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Think You Can Handle Tatyana McFadden’s Killer Upper Body Workout?

Runner’s World logo Runner’s World 7/3/2020 Danielle Zickl
Tatyana McFadden riding on the back of a bicycle: Tatyana McFadden shares some of the arm exercises she does on Instagram, so that you can maintain your fitness even if can’t train for any races right now. © Sarah Stier - Getty Images Tatyana McFadden shares some of the arm exercises she does on Instagram, so that you can maintain your fitness even if can’t train for any races right now.

A strong upper body makes improves your ability to log faster, more efficient miles for any runner—but especially for a wheelchair racer. Just ask Tatyana McFadden. The 17-time Paralympic medalist and 23-time major marathon winner has a solid strength training routine that has contributed to her unparalleled success.

In 2013, McFadden became the first person to win four World Major Marathons in the same year—an achievement she repeated in 2014, 2015, and 2016. She also has the most victories at the New York City Marathon—with five wins—and still holds the course record with a time of 1:43:04, which she set in 2015.

In January, McFadden moved to Florida for outdoor training to prep for the Tokyo Olympics and get used to the heat. But because the Olympics were postponed to 2021 due to the coronavirus pandemic, McFadden told Runner’s World she’s been taking the time she would’ve been using to train for the Games to instead focus on her overall health and wellness. Part of that is focusing on proper sleep and nutrition, and the other part is focusing on fitness.

In addition to logging around 100 miles per week, McFadden strength trains twice a week.

“Before everything shut down [due to coronavirus], I went to buy all this equipment: a kettlebell, bands, a roller, a mat, and a medicine ball,” she said. “I can do a lot with them and keep up with back and shoulder work—everything is upper back, shoulders, triceps, and biceps in wheelchair racing. It’s about doing maintenance and keeping it up. I’m making it work. ”

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McFadden has been sharing some of the exercises she does on Instagram, so that you, too, can maintain your fitness even if can’t train for any races right now. Watch the four Instagram videos below to see McFadden demonstrate each move.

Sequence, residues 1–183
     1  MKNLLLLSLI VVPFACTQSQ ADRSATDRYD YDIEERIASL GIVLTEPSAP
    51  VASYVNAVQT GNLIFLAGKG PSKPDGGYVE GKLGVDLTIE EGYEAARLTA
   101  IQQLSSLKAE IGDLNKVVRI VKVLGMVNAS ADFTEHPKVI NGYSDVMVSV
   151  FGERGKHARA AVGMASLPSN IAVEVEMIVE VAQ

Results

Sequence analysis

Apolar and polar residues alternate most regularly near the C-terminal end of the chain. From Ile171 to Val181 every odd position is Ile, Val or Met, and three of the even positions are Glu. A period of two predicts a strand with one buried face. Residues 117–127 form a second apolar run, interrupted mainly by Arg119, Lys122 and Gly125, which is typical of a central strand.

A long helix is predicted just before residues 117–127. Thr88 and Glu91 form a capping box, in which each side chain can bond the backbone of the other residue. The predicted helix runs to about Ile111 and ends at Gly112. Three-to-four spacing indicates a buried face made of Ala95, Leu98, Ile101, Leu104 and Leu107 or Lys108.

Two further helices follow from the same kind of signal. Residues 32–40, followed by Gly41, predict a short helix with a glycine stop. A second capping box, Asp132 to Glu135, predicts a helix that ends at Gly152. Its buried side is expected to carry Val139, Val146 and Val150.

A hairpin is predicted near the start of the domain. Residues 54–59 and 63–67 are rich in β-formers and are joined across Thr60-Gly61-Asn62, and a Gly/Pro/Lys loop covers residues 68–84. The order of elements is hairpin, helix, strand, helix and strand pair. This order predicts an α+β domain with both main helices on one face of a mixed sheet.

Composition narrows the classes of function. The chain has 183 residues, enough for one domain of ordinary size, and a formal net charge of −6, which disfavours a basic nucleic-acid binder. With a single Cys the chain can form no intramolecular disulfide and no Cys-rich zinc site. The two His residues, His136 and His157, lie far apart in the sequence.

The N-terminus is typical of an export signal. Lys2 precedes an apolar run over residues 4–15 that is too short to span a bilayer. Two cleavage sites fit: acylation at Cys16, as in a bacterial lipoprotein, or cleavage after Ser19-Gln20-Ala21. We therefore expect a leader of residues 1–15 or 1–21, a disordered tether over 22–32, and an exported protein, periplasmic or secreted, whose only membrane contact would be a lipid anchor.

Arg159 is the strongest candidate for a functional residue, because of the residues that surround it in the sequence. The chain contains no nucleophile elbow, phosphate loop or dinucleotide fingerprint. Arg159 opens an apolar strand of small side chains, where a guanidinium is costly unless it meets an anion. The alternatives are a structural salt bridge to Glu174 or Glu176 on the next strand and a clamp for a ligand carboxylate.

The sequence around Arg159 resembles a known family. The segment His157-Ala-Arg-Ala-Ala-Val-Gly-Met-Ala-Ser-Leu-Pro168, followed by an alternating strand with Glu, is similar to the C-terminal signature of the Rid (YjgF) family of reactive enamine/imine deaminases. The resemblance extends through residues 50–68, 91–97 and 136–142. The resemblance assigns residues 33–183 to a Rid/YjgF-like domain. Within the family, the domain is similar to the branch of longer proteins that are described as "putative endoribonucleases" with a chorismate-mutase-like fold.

1. Pull-Up

Sometimes I feel like a monkey 🙈😊

A post shared by TatyanaMcFadden (@tatyanamcfaddenusa) on Jun 17, 2020 at 8:37am PDT

Stand under a chin-up bar and reach your arms overhead with your palms facing away from you. Reach, jump, or lift your body off the floor to grasp the handle with an overhand grip. Engaging your lats, slowly pull your body upward by bending your elbows until your chin is level with the bar or your hands. Pause for a moment, then slowly return to your starting position. Repeat.

2. Push-Up

Start in a high plank position and place your hands shoulder-width apart or slightly wider with shoulders stacked directly over wrists. Spread your fingers wide; fingertips should point straight ahead. Engage your core and glutes to keep hips level; your body should form a straight line from head to heels. Be sure to draw your shoulder blades back and down so your shoulders aren’t curled forward. Bend elbows to lower your chest to the floor. Your elbows form a 45-degree angle with your body. Keeping your core engaged and hips in line with the rest of your body, and push back up to the starting position. Repeat.

3. Triceps Dip

When you use your wheelchair as a prop to hold you legs...thanks wheelchair 🦽 😁

A post shared by TatyanaMcFadden (@tatyanamcfaddenusa) on Apr 30, 2020 at 1:07pm PDT

Grip handles (or the front edges of a chair or bench) with your hands. Keep your feet together and your knees slightly bent while you lower your hips toward the floor by bending the elbows until your upper arms are parallel to the floor. Push back up using your arms. Repeat.

4. Seated Row

In a seated position with a straight back, hold the handles of the bands, and lift the chest while slowly pulling the elbows backwards close to the rib cage until the handles touch the front of the stomach. Pause for a moment before slowly straightening the arms to return to starting position. Repeat.

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